He did learn though, and kept his eyes and ears open and delivered some front page splashes, including two very negative stories about the very university in which he was speaking (then Lanchester Polytechnic). Current Coventry Telegraph editor Darren Parkin, who is returning the ‘Tele’ to its roots, was on hand to present Vine with some of the broadcaster’s cuttings from the time. He looked humbled to receive them.

Vine said two of the biggest stories he covered on the Telegrpah were Coventry City winning the FA Cup and a rapist on the prowl in the City Centre. “At the end of the day I could see my story coming off the press 1,000 times a second. It was an amazing feeling seeing your name in print.”

Not amazing enough though.

Vine moved from ‘Tele’ to Telly, and to the BBC in 1988 for a news traineeship. News reporting followed, then Today on Radio Four, BBC Belfast, a job as the BBC’s Johannesburg correspondent, and then, in 2000, the big one: presenting ‘Newsnight’.

There was, however, already a Jeremy on that show (Paxman), and there was only really room for one.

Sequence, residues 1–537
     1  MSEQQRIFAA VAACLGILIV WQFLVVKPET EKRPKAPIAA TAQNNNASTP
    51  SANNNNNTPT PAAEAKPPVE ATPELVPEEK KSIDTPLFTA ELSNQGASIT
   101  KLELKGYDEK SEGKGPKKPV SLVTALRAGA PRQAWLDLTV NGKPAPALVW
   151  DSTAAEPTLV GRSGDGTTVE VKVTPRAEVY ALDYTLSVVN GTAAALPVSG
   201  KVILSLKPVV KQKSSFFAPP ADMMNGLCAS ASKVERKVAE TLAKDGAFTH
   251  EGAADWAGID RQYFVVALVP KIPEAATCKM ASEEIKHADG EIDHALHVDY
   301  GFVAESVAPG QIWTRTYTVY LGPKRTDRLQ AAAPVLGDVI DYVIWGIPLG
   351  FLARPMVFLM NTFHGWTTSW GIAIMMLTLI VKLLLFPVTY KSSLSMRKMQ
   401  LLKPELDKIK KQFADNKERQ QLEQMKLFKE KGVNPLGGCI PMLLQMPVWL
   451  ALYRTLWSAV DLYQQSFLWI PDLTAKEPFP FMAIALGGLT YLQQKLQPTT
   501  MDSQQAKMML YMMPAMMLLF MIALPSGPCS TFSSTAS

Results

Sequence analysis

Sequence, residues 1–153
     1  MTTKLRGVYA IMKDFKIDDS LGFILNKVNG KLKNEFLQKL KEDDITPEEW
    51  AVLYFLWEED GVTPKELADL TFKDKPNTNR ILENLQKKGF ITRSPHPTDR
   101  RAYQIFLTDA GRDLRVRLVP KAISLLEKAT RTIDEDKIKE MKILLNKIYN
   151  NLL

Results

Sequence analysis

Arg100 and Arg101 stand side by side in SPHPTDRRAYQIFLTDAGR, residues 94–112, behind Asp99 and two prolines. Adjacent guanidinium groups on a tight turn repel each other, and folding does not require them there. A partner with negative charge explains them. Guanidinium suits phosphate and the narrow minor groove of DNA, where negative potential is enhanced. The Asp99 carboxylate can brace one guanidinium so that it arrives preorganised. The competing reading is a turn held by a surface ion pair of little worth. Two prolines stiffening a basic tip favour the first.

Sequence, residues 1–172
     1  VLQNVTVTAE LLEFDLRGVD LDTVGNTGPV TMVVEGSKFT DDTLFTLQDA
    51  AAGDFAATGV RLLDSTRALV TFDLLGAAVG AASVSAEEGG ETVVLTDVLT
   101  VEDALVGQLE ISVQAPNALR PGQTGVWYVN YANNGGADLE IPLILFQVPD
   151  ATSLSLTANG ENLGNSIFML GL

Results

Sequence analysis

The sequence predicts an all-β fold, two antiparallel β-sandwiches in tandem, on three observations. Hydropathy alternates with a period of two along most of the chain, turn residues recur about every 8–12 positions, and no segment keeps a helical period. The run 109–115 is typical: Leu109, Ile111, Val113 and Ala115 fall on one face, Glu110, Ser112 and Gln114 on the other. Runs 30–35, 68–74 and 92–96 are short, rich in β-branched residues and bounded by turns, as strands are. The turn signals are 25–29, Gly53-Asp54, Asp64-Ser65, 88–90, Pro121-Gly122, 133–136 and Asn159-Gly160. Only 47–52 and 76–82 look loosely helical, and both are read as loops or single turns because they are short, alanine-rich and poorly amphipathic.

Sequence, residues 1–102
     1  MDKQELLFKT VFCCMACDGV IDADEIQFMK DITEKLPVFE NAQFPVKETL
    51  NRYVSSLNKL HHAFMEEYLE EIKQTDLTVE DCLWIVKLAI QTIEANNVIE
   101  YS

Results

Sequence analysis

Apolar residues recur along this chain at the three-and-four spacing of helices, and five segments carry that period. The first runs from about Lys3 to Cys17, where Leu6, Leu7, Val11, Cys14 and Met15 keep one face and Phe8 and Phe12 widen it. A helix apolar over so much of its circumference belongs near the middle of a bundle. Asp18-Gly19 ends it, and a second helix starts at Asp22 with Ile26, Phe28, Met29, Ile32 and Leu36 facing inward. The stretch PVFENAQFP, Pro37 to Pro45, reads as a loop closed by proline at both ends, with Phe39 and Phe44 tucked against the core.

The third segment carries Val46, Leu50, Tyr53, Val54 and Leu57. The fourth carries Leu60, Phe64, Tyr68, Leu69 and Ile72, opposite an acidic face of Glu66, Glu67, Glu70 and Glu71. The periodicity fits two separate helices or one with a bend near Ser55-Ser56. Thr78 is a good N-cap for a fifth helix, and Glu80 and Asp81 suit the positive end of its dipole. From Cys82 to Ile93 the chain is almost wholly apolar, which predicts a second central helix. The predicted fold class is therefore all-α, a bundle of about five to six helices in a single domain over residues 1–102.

“I was the other Jeremy and it was his show,” Vine recalled. The other Jeremy got the big ones, but Vine did some sterling journalism on Newsnight before Radio Two called in 2003 and he became the Jimmy Young of the new era.

For the 18-year-old wannabe hacks in the audience that night, there were plenty of good lessons in that Conversation. Words ripe from the Vine.Similar Posts:



June 02 2010

15:33

‘Keep your cool, but lose it if you must’: Jon Snow’s advice for journalists

Jon Snow has presented Channel 4 News for 21 years.He has worked in television news for more than three decades, always at ITN, but he is also the Visiting Professor of Broadcast Journalism at Coventry University.

What he does not know about making TV news and Current Affairs probably is not worth knowing and late last week, Snow passed on the wisdom of his years to young wannabe hacks at Coventry University.

Five golden pieces of advice from the master: